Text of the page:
Comparison Using Comparative Adjectives And Adverbs
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To say that people, things etc are unequal in a particular way, we can use comparative adjectives/adverbs.
- She is older than me.
- Tom is taller than his brothers.
- Iron is more useful than any other metal.
- He is cleverer than her.
- He is cleverer than she is.
- He earns more than I do.
We can use double comparatives (--er and --er or more and more --) to say that something is changing.
- You are getting fatter and fatter.
- We are going more and more slowly.
The + comparative expression + subject + verb
We can use comparatives with the -- the -- to say that things change or vary together. Note the word order in both clauses.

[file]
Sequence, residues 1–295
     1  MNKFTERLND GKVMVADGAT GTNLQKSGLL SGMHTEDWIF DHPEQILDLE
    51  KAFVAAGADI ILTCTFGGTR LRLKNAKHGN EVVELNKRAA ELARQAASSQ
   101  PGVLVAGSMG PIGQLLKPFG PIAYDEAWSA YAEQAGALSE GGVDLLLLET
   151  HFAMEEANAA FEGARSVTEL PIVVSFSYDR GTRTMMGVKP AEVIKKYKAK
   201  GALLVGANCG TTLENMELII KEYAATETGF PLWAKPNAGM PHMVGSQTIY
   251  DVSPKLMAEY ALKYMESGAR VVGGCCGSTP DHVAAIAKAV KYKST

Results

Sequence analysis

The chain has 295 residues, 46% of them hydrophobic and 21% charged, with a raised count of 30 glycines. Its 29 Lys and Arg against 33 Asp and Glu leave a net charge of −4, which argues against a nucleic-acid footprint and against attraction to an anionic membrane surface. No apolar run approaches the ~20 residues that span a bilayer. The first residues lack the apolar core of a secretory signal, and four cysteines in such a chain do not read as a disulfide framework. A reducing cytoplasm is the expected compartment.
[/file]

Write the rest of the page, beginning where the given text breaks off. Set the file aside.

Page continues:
- The more I study, the less I learn. (NOT -- I learn the less.)
- The older I get, the happier I am. (NOT -- I am the happier.)
More can be used with a noun in this structure.
- The more money he makes, the more useless things he buys.
Sections in this article
Degrees of Comparison
Comparison using positive adjectives and adverbs
Comparison using comparative adjectives and adverbs
Comparison using superlative adjectives and adverbs
The difference between comparative and superlative
Degree modifiers with comparatives and superlatives
Comparison of adjectives and adverbs
Pronouns after as and than